How Has the Employment Landscape Evolved in Singapore over the Years?

How Has the Employment Landscape Evolved in Singapore over the Years?

How Has the Employment Landscape Evolved in Singapore over the Years?

Our world is nothing like what it was in 1988. You can’t realistically have the approach that your parents had back find job and making a suitable career for yourself. That’s not merely because we have more job categories and job priorities. This is also a result of the cultural, economic, and technological change that brought us here.

It is observing that the older members of our workforce are more likely to value job security. And that used to show back when people used to prefer fixed schedules, keep their jobs for longer periods. The younger crop is more likely to prefer flexibility at work and switches jobs. What we have witnessed is people are more likely to experience career transitions across companies, profiles, and industries more often. Much of this has to do with the changing employment landscape in Singapore, where new types of jobs are emerging, existing jobs are getting remodelled, and some of this change is because of the factors we spoke about previously.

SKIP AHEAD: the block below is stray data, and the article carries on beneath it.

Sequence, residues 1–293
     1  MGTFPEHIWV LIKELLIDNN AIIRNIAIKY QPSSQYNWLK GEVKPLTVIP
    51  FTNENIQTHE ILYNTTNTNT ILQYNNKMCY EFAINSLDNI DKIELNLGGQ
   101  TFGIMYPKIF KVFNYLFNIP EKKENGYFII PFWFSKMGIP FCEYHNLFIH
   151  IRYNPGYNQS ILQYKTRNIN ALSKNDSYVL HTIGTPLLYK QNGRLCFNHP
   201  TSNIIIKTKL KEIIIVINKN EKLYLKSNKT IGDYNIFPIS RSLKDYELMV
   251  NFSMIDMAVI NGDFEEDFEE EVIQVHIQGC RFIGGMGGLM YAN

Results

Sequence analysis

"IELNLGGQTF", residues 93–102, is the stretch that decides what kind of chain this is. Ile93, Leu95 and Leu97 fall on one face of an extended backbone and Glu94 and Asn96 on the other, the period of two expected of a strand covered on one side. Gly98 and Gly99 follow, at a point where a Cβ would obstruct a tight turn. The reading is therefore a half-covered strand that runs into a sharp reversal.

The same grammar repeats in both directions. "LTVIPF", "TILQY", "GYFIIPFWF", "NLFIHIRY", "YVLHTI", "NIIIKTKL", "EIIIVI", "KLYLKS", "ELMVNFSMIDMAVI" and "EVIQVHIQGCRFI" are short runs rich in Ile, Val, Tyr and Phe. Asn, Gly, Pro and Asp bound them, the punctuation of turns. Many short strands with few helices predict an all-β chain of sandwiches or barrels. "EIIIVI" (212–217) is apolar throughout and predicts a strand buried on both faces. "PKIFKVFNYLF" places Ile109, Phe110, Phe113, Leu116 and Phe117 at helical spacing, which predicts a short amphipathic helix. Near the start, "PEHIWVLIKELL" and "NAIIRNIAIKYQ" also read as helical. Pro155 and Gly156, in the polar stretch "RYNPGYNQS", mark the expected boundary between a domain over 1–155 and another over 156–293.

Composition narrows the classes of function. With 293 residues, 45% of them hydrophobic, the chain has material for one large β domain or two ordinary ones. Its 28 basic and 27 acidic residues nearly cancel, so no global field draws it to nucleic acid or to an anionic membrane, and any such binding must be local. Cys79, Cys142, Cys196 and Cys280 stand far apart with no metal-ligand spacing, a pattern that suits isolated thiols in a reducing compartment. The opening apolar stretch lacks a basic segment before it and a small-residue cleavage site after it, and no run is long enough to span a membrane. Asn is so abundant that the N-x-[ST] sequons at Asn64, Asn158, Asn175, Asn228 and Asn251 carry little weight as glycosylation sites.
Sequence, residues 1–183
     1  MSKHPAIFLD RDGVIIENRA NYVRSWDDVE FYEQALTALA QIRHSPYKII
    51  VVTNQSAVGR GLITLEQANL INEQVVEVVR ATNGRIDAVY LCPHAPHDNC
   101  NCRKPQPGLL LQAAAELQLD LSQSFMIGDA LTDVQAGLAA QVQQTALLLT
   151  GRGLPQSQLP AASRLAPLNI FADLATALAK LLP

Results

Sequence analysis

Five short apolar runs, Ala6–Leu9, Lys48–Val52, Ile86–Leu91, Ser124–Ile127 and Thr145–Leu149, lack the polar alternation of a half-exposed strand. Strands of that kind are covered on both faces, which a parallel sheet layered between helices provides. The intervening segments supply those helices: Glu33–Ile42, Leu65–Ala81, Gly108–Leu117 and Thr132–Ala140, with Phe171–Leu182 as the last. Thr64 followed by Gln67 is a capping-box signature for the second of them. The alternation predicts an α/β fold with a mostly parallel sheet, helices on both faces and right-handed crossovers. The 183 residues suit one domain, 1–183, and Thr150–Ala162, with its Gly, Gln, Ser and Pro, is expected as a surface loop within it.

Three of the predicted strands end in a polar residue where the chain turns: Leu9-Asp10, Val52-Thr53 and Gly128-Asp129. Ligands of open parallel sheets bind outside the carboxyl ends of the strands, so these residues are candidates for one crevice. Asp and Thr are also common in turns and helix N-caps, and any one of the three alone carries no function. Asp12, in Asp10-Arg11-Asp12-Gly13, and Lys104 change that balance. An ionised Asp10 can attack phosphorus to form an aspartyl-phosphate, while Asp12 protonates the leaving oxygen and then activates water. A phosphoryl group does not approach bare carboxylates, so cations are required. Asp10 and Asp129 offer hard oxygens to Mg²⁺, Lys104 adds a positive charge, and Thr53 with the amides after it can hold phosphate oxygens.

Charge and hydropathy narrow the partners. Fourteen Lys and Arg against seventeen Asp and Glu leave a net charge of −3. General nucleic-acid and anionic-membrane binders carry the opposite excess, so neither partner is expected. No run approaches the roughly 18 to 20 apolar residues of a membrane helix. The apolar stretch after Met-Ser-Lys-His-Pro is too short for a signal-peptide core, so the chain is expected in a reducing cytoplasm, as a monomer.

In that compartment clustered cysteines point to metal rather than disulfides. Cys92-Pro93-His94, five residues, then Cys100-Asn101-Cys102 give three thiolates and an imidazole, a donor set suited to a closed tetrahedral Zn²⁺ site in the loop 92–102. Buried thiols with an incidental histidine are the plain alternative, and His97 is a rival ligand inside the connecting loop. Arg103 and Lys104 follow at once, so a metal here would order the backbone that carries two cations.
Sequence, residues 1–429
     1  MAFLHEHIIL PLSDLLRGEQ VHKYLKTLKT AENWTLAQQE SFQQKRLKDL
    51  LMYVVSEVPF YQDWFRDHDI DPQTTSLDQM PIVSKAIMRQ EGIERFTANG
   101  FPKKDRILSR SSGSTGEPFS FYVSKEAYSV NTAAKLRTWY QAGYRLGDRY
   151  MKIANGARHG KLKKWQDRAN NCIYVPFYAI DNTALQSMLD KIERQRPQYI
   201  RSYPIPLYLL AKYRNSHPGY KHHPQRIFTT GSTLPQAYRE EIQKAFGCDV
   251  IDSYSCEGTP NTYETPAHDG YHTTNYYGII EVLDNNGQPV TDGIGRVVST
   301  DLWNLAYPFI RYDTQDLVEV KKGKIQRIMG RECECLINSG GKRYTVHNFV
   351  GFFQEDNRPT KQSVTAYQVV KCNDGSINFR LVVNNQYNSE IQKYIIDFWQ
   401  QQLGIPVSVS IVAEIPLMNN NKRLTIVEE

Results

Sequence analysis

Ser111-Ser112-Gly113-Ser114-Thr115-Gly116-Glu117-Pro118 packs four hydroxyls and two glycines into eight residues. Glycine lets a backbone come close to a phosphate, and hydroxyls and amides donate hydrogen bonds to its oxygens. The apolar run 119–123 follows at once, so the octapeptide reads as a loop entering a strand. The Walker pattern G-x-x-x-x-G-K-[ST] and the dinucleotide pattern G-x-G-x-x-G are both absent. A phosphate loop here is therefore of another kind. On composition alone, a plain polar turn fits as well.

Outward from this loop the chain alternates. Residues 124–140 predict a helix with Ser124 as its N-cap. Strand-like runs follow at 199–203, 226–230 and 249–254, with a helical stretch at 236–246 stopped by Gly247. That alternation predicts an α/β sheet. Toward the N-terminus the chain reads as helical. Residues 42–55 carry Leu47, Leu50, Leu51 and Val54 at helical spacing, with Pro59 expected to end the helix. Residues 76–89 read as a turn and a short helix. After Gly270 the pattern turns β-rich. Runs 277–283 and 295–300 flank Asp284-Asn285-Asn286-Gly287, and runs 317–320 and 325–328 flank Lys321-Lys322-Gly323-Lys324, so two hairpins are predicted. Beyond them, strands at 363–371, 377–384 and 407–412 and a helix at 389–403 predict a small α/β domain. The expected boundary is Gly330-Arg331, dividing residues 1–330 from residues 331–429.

What Has Been Happening?

The economy has been steadily growing and unemployment remains consistently low. But, the employment landscape in Singapore remains consistently muddy. For instance, how do you explain a phenomenon where companies are letting go of their employees while grappling with a lack of skilled workers at the same time? Much of this has to do with the rise and fall of individual industries and sectors. Yes, while some sectors are slowing down, others are catching up and growing exponentially.

The Singapore government has identified this trend and it is attempting to direct the workforce to sectors that have a greater capacity for growth. With programmes such as Professional Conversion Programmes (PCPs) and Workforce Singapore’s (WSG). The government attempts to train a workforce with essential skills that they require to better contribute to job scope. These programmes can also be used by those members of the workforce that are attempting to make a mid-career switch. It is becoming more and more common, in case you’re wondering.


The present state of technological disruption is such that no education system is capable of keeping up with it. Let’s think about it this way: a student currently receives roughly 15-20 years of education that arguably doesn’t prepare them for a job that changes with each passing technological innovation and trend. The solution to this problem, as identified by the government, is through merging education and employment to provide seamless transition. A part of this is because companies aren’t as willing to incur training costs. Now, with the concept of ‘lifelong learning’, it will not be out of the ordinary for an employee to constantly go through another session of relearning, retraining, and reskilling.